Our Privacy/Cookie Policy contains detailed information about the types of cookies & related technology on our site, and some ways to opt out. By using the site, you agree to the uses of cookies and other technology as outlined in our Policy, and to our Terms of Use.


The Difference Between a Dun Horse & a Buckskin

| Updated September 26, 2017

Buckskin and dun are colors found in many breeds of horses. Both colors look similar depending on the shade, but are caused by different genes. A horse may appear to be a dun or buckskin but genetically is not and cannot pass the desired color along to foals.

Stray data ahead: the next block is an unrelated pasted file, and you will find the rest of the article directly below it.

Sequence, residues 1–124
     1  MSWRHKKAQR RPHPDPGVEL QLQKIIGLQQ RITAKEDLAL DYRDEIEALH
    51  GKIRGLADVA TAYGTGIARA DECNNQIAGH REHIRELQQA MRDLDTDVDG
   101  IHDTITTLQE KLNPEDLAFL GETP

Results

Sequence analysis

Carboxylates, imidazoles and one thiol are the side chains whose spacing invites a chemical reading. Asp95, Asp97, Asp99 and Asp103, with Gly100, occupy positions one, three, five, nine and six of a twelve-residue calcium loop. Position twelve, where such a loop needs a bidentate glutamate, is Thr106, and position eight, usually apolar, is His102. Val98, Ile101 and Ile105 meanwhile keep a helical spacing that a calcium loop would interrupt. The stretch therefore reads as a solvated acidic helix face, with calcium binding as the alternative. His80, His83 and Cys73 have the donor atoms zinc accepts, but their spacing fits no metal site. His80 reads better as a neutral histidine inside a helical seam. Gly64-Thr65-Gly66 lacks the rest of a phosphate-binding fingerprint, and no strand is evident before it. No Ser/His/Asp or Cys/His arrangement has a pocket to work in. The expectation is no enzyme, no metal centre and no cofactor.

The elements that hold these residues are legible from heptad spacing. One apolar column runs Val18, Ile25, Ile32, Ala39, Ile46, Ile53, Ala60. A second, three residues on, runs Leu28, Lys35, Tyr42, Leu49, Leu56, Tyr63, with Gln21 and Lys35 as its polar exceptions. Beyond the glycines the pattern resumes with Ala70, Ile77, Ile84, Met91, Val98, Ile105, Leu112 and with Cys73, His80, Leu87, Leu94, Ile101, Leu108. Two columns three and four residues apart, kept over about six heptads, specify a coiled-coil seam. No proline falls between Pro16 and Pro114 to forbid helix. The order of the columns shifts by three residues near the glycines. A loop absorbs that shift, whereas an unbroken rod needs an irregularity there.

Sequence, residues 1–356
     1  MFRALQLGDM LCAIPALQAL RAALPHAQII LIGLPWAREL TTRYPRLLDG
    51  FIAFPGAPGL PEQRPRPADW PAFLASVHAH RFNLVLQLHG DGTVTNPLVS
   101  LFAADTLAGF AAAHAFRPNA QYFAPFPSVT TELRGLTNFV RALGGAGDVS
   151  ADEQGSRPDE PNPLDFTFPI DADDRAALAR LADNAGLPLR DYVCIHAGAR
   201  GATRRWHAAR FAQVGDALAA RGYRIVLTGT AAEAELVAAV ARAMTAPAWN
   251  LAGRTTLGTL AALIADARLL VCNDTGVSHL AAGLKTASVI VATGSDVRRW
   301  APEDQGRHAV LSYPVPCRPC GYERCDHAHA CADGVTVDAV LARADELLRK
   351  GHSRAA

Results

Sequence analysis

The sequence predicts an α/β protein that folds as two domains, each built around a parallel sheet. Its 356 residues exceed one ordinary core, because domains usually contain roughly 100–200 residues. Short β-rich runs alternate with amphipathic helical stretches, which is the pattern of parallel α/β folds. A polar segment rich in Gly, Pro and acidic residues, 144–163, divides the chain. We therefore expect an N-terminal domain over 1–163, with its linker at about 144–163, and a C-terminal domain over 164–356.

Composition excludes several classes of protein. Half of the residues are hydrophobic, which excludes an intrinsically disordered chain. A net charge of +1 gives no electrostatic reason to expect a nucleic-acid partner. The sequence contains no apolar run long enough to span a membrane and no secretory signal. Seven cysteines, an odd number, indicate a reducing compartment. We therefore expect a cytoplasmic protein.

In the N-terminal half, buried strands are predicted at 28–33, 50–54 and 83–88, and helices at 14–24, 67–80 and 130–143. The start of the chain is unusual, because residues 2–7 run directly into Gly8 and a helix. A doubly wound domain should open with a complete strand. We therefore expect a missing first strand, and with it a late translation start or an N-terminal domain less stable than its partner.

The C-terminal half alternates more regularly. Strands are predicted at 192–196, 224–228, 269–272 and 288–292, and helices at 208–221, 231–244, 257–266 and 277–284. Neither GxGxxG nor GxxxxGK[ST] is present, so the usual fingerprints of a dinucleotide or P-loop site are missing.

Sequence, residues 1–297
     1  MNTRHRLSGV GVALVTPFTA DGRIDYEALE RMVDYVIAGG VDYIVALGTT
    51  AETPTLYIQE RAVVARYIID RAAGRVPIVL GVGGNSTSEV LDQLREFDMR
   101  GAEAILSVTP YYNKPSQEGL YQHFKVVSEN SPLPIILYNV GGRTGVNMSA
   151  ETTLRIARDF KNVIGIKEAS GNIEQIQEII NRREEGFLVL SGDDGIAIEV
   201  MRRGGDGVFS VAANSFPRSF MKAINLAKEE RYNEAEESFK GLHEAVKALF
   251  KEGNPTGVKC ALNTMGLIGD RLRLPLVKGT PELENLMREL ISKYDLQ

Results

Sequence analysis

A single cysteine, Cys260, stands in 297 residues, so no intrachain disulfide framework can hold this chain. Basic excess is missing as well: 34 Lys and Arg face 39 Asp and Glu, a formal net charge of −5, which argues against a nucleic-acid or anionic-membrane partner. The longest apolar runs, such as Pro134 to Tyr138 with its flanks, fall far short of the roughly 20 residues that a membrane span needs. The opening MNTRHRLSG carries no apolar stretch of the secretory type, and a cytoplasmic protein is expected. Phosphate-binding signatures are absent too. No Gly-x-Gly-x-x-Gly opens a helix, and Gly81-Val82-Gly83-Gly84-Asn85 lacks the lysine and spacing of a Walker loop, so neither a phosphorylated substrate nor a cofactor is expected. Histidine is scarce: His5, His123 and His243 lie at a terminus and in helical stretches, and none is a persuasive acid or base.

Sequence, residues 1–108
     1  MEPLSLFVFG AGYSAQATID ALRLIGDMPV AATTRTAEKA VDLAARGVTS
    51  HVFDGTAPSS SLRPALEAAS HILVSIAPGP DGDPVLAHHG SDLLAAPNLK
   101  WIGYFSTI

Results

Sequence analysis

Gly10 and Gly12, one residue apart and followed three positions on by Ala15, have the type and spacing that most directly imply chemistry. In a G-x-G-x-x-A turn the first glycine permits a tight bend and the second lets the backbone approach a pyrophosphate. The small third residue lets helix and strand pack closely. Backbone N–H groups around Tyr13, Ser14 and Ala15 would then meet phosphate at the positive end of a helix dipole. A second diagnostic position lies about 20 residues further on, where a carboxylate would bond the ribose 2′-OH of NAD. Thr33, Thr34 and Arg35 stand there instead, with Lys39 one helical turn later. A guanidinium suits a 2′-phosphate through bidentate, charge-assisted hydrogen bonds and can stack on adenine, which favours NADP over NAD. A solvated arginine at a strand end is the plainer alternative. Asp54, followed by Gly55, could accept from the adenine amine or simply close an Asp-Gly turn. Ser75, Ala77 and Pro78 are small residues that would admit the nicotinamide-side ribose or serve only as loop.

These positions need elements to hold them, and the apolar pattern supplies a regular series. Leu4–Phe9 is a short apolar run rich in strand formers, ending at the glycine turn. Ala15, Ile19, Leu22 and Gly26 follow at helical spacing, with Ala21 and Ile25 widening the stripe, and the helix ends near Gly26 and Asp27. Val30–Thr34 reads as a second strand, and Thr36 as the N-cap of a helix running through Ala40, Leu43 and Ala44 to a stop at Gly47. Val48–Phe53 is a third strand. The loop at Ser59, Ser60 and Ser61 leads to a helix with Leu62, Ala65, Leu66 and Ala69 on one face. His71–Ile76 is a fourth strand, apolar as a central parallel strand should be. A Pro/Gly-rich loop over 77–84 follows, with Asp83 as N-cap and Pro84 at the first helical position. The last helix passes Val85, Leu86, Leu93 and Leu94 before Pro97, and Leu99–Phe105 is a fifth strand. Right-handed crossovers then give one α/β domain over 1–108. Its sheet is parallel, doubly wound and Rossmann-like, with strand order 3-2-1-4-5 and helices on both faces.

Buckskins generally have yellow bodies, and black manes, tails, stockings and dorsal stripes. Duns have a sandy brown or a mouse-gray body, with a brown or dark gray dorsal stripe. Manes and tails can differ in color depending on the individual horse.


Duns and buckskins come in many shades, and can be dappled. Both can have white markings on the legs and head. Duns usually have horizontal stripes on the legs and a stripe across the shoulders.


i walking horse image by Clarence Alford from Fotolia.com

Buckskin color shades are caused by the cream dilution gene, which adds white to the base color bay. Dun shades are caused by the dun dilution gene, which adds white only to the body and not to the legs, head, mane or tail.